22 SES 10 B, Teaching, Learning and Assessment in Higher Education
Parallel Paper Session
New media technologies and virtual environments offer new opportunities for higher education institutions to increase graduate students’ engagement and improve the overall value of their learning experiences in the mentoring activities of graduate programs (Braine, 2002; Hamilton & Scandura, 2003; Hudson, Owen & Klaas Van Veen, 2006). The new technologies provide the graduate students and their supervisors with the ability to collaborate, confront and exchange ideas to make a better and more complete sense of their experiences in their research practices, and increase graduate students’ control over content, interaction, and the formation of learning networks with peers, mentors and experts outside of their programs (Kasprisin, Single & Muller, 2003).
While the potential benefits of mentoring using virtual environment and new media technologies are widely acknowledged as replicating the same benefits as mentoring (Single & Single 2005), educational researchers argue that for developing more effective mentoring programs, the use of new technologies should not be driven toward envisaging them as a total replacement of existing educational approaches but rather as extensions of it (Botzakis & Malloy, 2006; Watson, 2006; Gareis & Nussbaum-Beach, 2007; Sundli, 2007; Frey, 2008).
The main purpose of this study was to explore the nature of online and face to face mentoring interactions in an academic writing summer course organized by a Nordic university in Europe. The study particularly focused on doctoral students’ understandings of academic literacy in relation to domain knowledge in their particular fields, and examined the extent to which online and face –to-face mentoring supported the integration of such literacy and knowledge. Specifically, the following research questions were addressed throughout the data collection and analysis: How do doctoral students develop their academic literacy that integrate research methodologies with their domain knowledge? How do supervisors with varying degrees of expertise in students’ domain knowledge mentor these students in their online and face to face interactions?
Bourdieu’s concepts of cultural capital (Bourdieu, 1986) and misrecognition (Bourdieu, 1980) were employed throughout the data analysis in order to systematically examine the misrecognitions occurred in the doctoral students’ acquisition of academic literacy in the mentoring practices. Bourdieu's concept of cultural capital refers broadly to resources that are gained by individuals through formal or informal educational experiences. Bourdieu (1980) conceptualize misrecognition as an ‘‘alienated cognition that looks at the world through the categories the world imposes, and apprehends the social world as a natural world’’ (pp. 140–141). For Bordieu, ‘misrecognition’ is both a cultural and an ideological phenomenon, since it ‘embodies a set of active social processes that anchor taken-for-granted assumptions into the realm of social life and, crucially, they are born in the midst of culture. All forms of power require legitimacy and culture is the battleground where this conformity is disputed and eventually materialises amongst agents, thus creating social differences and unequal structures’ (Navarro 2006, p. 19).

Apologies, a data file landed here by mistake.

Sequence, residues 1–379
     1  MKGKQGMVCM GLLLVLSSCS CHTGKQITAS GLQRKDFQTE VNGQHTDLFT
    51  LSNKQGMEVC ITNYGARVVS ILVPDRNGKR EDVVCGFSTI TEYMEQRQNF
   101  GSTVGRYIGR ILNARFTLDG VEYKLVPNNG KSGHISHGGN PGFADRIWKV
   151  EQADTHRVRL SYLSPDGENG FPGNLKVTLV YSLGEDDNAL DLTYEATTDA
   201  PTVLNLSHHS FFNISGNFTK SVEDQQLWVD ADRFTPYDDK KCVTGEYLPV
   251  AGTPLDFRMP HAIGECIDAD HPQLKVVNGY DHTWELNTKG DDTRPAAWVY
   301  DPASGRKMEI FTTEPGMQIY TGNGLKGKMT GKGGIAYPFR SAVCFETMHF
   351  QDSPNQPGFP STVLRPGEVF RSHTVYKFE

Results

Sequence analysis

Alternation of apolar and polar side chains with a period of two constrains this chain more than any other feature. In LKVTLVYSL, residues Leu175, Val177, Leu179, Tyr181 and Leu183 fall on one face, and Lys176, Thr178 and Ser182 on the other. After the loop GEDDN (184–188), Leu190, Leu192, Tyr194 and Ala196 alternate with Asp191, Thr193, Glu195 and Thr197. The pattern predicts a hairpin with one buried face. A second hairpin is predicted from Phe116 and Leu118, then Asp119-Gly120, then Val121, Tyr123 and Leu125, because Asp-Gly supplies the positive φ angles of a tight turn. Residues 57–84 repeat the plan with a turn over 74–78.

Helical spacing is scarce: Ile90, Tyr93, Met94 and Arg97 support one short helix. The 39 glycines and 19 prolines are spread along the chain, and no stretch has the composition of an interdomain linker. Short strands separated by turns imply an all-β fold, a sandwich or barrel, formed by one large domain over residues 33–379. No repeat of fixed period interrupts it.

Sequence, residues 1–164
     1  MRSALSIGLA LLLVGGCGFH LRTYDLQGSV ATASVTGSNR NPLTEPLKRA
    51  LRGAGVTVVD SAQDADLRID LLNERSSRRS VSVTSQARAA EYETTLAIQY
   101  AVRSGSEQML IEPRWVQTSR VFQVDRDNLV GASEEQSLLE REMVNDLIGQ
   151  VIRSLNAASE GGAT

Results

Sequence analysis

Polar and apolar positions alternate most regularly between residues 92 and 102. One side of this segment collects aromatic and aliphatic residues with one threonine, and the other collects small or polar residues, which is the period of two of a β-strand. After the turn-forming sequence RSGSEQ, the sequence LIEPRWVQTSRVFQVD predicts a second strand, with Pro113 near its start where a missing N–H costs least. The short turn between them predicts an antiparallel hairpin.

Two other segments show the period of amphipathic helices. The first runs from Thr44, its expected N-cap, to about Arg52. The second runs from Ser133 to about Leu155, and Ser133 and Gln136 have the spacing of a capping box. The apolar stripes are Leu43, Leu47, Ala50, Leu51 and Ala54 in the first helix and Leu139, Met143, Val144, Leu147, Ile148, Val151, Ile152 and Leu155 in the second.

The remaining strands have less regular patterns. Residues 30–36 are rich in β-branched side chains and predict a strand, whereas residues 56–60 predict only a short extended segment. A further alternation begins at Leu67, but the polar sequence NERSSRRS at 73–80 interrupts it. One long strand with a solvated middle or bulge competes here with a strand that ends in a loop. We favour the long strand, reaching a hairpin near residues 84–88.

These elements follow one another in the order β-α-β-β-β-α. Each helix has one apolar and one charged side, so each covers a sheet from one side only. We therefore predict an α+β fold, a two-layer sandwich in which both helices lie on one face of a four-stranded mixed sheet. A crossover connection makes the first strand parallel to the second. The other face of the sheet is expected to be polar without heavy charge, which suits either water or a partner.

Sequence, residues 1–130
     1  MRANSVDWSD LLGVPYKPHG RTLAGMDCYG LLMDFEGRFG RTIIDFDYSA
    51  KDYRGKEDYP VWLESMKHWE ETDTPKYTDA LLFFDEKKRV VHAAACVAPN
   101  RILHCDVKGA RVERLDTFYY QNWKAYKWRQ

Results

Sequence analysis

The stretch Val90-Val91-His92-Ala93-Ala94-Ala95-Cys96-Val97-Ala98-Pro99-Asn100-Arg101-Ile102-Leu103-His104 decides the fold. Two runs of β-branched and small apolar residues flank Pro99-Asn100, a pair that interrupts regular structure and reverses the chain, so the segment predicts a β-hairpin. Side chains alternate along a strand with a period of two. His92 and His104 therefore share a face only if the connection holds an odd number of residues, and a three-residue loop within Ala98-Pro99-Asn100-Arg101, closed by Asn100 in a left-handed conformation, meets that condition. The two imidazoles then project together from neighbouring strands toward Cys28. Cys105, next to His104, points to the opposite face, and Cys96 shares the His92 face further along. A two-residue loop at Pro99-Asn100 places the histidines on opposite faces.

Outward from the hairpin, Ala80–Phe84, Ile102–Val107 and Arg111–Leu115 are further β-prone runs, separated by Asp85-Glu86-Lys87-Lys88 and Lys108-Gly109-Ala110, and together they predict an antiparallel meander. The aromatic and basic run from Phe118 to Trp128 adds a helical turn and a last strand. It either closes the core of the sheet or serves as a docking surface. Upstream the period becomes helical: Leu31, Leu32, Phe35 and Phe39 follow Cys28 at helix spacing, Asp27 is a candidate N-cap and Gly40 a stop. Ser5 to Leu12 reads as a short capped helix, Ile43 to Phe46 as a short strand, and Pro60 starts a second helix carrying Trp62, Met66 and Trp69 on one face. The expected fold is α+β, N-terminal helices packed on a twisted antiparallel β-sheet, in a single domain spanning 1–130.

Bourdieu, P. (1980). The Logic of Practice. Stanford, Stanford University Press. Bourdieu, P. (1986). The Forms of Capital. Handbook of Theory and Research for the Sociology of Capital. J. G. Richardson. New York, Greenwood Press: 241-58. Braine, G. (2002). Academic literacy and the nonnative speaker graduate student. Journal of English for Academic Purposes. 1, (1), 59-68 Kasprisin, C.A., Boyle-Single, P.B., Single, R.M. & Muller, C.B. (2003).'Building a Better Bridge: testing e-training to improve e-mentoring programmes in higher education. Mentoring and Tutoring, 11, (1). Hamilton, B. A., & Scandura, T. A. (2003). E-mentoring: Implications for organizational learning and development in a wired world. Organizational Dynamics, 31(4), 388-402. Hudson, B.; Owen, D. & Van Veen, K. (2006). Working on educational research methods with masters students in an international online learning community. British Journal of Educational Technology . 37, (4), 577-603 Navarro, Z. (2006). In Search of Cultural Intepretation of Power’. IDS Bulletin 37(6): 11-22. Sundli, L. (2007). Mentoring: A new mantra for education? Teaching and Teacher Education, 23, 201-214. Single, P.B. & Single, R.M. (2005). E-mentoring for social equity: review of research to inform program development. Mentoring and Tutoring, 13, (2), 201-320. Watson, S. (2006). Virtual mentoring in higher education: Teacher education and cyberconnections. International Journal of Teaching and Learning in Higher Education, 18, 168-179.
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